About Clematis 'Gipsy Queen': Clematis 'Gipsy Queen'
is easy to grow and vigorous making this a great plant to add 'faded glamour' and old-fashioned romance to your garden. It flowers through midsummer to autumn with a series of velvety purple blooms, which get smaller and more profuse as the season progresses.
These exquisite blooms will hold their colour best in dappled shade - while they will fade in full sun. Because the flowers succeed each other over the summer, you can thus have a mix of shades from white to deepest purple on one plant.
Have a browse of our full collection
if you're looking for earlier or later clematis.
Great for your garden: 'Gipsy Queen'
will be happiest in alkaline or neutral soil and will do well in full sun or partial shade in any aspect. It is vigorous and hardy and does very well in its natural habit growing through hedges or trees.
This clematis would look fabulous up a house wall, along a trellis, or grown over a garden gateway, post or arch. It's big enough to climb trees too but isn't so happy in containers. It makes an ideal companion for a climbing rose
, which will create interesting colour combinations.
'Gipsy Queen' flowers more profusely as the season progresses. Flowering is followed up with attractive silvery seed heads.
'Gipsy Queen' characteristics. Flower colour: Deep violet with red/purple anthers Flower shape: Star-shaped, single flowers Fragrance: Unscented Approximate flowering season: June - September Final height and spread: 4m x 1m Pruning group: 3 RHS Award of Garden Merit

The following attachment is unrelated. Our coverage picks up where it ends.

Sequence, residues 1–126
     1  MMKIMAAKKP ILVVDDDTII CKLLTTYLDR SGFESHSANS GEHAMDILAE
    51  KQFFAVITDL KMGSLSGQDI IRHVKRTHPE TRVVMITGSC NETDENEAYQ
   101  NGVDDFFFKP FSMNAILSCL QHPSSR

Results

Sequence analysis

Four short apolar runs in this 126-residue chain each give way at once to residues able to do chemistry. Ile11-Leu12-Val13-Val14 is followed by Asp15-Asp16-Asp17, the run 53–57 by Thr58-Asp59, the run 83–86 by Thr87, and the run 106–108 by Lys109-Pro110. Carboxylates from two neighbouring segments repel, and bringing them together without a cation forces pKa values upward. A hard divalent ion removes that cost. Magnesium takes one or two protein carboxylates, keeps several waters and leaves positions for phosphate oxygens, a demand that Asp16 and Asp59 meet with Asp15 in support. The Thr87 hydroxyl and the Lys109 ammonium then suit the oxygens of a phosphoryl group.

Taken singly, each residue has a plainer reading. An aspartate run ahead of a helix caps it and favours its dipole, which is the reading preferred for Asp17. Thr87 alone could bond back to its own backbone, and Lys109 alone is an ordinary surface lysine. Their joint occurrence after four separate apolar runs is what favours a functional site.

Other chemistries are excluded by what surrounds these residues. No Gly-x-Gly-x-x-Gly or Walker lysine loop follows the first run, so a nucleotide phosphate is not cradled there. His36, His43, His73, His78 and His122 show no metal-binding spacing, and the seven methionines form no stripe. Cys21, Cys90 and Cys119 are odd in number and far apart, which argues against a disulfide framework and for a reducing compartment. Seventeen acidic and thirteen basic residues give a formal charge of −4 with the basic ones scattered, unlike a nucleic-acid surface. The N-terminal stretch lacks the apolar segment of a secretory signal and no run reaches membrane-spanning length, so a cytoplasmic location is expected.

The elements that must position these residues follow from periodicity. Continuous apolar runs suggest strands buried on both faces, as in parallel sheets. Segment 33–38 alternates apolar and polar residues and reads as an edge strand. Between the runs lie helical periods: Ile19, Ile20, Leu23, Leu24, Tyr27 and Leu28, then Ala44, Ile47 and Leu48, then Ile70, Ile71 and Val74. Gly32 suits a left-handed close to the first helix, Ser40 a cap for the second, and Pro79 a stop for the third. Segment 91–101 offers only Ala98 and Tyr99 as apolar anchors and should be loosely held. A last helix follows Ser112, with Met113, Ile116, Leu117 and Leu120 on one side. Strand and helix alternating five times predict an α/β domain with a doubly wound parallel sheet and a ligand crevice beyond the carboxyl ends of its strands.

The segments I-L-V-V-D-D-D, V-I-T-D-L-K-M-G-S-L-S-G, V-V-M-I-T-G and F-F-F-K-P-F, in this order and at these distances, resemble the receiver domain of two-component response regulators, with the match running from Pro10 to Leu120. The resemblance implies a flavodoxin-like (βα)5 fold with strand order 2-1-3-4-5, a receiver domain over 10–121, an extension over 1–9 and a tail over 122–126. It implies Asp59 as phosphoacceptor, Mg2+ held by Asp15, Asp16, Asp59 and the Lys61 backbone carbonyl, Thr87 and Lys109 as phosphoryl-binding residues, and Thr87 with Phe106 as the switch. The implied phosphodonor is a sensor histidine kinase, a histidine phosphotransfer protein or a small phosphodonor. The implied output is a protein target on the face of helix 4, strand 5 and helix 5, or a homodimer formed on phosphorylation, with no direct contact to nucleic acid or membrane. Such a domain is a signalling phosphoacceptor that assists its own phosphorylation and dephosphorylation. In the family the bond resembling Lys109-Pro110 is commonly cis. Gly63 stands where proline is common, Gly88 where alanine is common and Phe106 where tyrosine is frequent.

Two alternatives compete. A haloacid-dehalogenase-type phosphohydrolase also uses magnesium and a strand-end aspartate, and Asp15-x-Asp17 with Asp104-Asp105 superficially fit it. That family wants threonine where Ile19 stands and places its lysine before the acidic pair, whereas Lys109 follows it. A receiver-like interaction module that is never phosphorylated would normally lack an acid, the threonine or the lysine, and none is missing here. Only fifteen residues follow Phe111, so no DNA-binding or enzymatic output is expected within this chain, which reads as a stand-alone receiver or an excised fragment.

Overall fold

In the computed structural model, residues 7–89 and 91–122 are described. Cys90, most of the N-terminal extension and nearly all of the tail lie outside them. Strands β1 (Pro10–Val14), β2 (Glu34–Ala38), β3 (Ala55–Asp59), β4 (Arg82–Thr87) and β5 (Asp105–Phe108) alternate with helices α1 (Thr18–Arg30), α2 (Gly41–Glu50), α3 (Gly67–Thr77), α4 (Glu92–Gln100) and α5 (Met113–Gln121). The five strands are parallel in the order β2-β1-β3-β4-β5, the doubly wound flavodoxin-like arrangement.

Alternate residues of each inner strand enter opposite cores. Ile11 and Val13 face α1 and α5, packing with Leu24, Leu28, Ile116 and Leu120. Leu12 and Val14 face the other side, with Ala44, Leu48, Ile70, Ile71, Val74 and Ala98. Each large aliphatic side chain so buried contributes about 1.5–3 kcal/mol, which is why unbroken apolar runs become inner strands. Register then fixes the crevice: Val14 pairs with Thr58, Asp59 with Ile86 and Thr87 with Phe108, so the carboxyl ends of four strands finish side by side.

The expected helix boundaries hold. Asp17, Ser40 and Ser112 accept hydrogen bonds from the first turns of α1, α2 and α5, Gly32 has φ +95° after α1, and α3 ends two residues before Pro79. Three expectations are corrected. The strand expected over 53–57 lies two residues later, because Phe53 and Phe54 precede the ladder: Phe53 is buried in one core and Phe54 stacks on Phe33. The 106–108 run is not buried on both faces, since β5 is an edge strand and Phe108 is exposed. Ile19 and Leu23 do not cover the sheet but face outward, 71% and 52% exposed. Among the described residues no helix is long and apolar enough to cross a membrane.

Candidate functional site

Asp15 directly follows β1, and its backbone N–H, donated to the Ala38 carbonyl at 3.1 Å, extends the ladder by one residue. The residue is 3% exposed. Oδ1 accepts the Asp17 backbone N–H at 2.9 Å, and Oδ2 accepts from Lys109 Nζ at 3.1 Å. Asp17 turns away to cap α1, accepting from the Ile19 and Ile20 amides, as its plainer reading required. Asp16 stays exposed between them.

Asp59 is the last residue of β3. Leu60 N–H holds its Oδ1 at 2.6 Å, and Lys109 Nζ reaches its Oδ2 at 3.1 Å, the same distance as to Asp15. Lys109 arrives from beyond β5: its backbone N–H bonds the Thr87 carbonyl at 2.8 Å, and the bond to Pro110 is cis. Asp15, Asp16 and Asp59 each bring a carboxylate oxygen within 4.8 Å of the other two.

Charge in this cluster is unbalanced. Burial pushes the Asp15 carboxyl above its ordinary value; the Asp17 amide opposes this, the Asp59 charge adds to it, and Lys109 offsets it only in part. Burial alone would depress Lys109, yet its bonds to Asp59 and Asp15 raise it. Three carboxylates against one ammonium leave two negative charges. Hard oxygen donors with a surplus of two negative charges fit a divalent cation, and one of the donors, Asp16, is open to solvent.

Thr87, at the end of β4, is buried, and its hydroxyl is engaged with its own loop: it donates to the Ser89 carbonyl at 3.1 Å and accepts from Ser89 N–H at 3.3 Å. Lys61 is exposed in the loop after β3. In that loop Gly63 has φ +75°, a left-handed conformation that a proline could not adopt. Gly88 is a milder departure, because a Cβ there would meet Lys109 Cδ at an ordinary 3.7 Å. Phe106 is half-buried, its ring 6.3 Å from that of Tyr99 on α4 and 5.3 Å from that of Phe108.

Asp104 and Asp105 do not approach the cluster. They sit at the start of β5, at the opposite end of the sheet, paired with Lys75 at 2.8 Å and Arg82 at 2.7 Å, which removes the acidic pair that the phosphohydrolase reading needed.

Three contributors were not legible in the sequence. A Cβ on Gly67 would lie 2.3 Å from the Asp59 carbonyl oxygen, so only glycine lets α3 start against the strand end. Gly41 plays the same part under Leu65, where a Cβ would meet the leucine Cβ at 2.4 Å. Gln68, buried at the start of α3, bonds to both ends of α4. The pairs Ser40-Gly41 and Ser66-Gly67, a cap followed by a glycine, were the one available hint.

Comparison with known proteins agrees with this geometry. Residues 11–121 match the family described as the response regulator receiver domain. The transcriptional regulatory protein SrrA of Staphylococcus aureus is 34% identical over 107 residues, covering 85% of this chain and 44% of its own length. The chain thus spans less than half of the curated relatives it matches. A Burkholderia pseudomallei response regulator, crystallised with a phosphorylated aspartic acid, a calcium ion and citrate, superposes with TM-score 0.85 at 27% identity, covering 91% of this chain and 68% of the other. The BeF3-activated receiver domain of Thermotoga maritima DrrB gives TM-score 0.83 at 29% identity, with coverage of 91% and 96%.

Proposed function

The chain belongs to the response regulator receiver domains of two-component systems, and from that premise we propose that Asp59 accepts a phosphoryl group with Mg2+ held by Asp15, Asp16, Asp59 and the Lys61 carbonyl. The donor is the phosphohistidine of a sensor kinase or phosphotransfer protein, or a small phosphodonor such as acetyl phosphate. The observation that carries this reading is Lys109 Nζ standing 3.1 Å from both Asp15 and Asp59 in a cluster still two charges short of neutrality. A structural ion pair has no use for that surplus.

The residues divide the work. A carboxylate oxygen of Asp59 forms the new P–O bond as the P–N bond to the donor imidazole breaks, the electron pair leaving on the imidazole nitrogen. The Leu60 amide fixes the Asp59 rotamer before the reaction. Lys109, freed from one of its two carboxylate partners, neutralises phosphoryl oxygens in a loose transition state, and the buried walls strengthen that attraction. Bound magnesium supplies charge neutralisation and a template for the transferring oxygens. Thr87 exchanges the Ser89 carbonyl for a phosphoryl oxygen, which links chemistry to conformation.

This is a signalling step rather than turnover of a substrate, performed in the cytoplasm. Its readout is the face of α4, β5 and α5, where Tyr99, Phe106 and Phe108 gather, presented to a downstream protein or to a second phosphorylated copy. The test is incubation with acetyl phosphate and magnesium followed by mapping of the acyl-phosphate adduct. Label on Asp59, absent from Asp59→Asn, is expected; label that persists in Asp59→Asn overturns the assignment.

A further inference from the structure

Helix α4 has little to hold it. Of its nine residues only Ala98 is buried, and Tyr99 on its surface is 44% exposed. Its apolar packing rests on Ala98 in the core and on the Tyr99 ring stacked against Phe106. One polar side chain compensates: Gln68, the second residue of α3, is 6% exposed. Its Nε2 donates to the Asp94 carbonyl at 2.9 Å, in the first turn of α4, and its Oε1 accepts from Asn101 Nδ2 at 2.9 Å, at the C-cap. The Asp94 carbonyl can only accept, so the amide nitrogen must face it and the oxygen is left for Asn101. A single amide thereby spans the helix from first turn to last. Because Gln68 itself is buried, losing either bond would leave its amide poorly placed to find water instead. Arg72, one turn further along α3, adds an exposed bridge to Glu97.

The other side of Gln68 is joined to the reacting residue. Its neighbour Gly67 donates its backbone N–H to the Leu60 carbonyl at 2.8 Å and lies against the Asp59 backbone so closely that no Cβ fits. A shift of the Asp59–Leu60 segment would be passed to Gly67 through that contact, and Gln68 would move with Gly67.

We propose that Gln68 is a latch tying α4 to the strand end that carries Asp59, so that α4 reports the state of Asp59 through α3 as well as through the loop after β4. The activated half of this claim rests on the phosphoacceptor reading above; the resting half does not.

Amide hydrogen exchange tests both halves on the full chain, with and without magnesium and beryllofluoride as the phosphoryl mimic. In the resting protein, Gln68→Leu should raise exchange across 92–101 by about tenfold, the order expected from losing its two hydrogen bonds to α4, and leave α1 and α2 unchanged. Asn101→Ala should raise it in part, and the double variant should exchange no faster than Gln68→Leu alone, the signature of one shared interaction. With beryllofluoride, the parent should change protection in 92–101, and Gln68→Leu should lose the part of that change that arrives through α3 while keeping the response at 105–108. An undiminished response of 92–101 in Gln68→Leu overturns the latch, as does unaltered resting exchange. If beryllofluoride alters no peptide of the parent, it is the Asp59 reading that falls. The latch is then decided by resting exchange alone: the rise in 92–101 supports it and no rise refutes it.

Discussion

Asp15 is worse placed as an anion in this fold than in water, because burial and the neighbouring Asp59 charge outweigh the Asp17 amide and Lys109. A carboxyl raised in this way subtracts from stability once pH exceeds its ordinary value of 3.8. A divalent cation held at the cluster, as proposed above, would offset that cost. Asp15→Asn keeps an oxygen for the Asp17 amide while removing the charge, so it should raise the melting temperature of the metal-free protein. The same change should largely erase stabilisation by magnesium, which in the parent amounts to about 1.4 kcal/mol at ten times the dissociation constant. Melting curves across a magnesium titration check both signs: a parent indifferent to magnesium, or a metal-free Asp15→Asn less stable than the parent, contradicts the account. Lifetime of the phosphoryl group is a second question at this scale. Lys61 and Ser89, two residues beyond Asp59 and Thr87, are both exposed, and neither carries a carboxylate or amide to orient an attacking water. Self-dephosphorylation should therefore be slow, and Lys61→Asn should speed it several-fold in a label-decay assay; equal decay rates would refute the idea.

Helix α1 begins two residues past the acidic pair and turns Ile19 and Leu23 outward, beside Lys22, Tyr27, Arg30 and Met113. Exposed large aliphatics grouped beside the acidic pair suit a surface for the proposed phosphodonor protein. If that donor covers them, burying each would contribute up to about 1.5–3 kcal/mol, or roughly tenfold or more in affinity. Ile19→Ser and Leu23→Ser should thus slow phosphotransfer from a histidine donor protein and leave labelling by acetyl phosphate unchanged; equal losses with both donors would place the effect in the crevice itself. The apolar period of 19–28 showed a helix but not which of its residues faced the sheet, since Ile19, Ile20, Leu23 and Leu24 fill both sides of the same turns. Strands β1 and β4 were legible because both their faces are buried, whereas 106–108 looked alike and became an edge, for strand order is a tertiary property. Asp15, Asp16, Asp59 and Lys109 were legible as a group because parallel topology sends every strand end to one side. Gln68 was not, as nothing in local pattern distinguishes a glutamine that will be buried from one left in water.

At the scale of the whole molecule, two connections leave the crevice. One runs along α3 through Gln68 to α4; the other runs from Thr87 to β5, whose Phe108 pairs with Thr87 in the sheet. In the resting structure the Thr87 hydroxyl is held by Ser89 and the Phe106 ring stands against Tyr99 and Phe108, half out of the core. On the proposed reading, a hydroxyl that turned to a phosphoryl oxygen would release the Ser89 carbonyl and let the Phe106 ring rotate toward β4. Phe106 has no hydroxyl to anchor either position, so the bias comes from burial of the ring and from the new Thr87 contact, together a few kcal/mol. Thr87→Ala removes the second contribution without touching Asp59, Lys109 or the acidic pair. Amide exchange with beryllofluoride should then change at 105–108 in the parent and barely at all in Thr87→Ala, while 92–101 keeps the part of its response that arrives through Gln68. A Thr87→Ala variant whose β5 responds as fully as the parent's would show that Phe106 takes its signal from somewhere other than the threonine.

Look out for:
Clematis slime flux. Its an uncommon bacterial infection but can be fatal. It happens when the plant has an injury and bacteria infect the wound. Signs include wilting and yellowing of the leaves, as well as the unpleasant slime in the stems where the plant is affected.
Earwigs, aphids, and fungal infections can also affect Clematis.
'Gipsy Queen' is one of the most famous clematis raised by nurseryman Thomas Cripps of Kent in 1877. It is often mistakenly named 'Gypsy Queen'.
It is a hybrid derived from the species Clematis patens, first collected in Japan by the German Dr Siebold, in the mid-nineteenth century. He was one of the first Westerners to visit the country which opened its borders to the outside world in 1853 after two centuries of isolation.
Clematis are members of the Buttercup family Ranunculaceae - both clematis and buttercups are poisonous. Images supplied by Clematis on the Web.